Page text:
Its product is a vegan “mayonnaise” made from Canadian yellow pea proteins.  By the look of its packaging, it does appear to be mayonnaise not vegan mayonnaise, so I could see consumers getting confused thinking it was traditional mayonnaise with eggs.  I think Unilever may have a point.  Consumers who want traditional mayonnaise with eggs most likely do not want mayonnaise made with pea proteins in place of eggs, and the way Just Mayo is packaged makes it look as if it is traditional mayonnaise.  And there’s something else that I just noticed in that FDA definition–the mayonnaise can contain “(3) Any spice (except saffron or turmeric) or natural flavoring, provided it does not impart to the mayonnaise a color simulating the color imparted by egg yolk.”  This part of the definition was written clearly to deter manufacturers from adding a yellowish color to mislead consumers to think it was yellow from eggs.  I don’t know anything about Canadian yellow peas, other than the name including yellow, but do they give off a yellowish color?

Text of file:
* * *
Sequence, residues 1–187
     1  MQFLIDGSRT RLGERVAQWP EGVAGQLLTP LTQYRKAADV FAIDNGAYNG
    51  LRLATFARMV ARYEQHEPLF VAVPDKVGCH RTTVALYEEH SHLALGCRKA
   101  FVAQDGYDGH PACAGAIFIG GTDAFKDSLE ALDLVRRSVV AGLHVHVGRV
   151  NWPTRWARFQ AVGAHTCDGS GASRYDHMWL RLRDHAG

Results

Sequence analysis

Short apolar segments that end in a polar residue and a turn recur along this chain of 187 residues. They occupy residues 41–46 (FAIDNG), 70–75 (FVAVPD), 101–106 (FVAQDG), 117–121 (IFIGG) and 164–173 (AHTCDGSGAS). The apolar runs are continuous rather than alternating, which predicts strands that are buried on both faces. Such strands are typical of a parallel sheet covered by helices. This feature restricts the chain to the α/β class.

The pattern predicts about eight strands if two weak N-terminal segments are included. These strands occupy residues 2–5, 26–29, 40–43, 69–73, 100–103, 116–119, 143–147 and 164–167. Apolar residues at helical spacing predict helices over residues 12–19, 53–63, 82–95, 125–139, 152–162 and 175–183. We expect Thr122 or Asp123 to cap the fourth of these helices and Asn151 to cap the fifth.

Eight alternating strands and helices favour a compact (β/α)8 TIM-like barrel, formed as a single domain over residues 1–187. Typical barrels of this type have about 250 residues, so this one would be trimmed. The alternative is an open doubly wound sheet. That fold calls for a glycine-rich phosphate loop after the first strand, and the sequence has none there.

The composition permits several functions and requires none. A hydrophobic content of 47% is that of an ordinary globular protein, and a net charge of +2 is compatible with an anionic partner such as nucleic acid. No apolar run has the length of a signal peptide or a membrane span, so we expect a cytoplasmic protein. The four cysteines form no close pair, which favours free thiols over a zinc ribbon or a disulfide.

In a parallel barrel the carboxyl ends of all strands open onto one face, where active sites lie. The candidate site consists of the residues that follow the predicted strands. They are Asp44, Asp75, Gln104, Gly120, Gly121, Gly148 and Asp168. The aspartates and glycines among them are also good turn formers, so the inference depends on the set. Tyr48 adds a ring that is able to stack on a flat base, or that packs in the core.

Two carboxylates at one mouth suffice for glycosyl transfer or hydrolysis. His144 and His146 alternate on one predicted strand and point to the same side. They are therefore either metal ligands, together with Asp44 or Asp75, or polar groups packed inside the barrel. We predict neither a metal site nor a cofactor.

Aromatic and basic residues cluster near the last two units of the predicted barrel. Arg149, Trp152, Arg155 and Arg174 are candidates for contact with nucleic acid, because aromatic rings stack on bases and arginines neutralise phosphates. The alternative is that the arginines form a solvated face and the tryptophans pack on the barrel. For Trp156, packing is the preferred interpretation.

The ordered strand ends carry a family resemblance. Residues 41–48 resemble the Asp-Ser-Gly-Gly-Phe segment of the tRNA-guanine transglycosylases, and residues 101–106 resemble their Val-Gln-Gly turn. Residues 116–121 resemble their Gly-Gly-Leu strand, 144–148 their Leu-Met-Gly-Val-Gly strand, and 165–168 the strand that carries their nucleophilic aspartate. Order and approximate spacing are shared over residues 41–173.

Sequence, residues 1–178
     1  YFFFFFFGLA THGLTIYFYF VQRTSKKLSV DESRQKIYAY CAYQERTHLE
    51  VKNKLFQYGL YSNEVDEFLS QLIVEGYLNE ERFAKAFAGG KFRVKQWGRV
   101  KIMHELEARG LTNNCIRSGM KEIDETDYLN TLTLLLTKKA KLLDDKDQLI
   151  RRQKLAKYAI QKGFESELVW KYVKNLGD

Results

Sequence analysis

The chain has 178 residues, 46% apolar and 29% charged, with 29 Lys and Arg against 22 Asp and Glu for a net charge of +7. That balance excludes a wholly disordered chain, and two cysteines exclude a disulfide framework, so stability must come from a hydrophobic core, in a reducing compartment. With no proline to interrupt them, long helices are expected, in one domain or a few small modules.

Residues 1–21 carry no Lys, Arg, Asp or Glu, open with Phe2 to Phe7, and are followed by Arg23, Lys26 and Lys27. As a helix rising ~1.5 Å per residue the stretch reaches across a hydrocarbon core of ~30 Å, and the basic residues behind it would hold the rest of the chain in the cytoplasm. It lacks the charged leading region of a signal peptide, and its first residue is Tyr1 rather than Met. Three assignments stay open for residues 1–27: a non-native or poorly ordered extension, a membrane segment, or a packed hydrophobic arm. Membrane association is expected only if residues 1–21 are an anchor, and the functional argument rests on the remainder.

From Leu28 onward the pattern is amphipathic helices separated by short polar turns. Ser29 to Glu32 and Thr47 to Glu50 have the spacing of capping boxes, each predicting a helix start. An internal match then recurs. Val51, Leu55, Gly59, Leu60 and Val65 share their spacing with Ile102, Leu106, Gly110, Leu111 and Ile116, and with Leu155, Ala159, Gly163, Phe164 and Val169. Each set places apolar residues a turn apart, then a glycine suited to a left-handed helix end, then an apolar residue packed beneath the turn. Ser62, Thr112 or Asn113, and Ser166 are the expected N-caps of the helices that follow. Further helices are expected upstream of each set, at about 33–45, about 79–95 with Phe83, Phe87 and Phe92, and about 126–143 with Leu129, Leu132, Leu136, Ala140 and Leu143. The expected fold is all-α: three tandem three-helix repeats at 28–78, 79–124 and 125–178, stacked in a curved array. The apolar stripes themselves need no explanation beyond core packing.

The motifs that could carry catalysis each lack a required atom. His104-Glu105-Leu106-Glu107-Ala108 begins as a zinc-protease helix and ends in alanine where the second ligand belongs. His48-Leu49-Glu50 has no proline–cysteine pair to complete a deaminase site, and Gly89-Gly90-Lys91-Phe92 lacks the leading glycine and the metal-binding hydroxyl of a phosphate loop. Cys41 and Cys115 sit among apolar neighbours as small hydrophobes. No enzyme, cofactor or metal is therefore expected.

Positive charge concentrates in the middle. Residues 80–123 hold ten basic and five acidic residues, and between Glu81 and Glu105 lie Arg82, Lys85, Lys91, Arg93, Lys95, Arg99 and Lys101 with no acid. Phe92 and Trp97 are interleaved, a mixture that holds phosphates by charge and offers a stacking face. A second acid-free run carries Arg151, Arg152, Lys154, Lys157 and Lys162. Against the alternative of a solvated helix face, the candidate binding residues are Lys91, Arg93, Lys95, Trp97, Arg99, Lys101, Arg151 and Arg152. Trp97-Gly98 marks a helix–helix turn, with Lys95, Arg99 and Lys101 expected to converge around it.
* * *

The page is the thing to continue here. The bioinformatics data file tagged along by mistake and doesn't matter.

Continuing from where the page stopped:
I have a suggestion for Hampton Creek that will save both companies on legal fees.  How about changing the name from Just Mayo to Just Like Mayo?  

 

PS.  I don’t use Hellmann’s mayonnaise or any mayonnaise that contains soybean oil.  I prefer safflower oil mayonnaise.  It would be nice to see companies like Unilever STOP using soybean oil.

Weekend Whets 8/2

Rosa Mexicano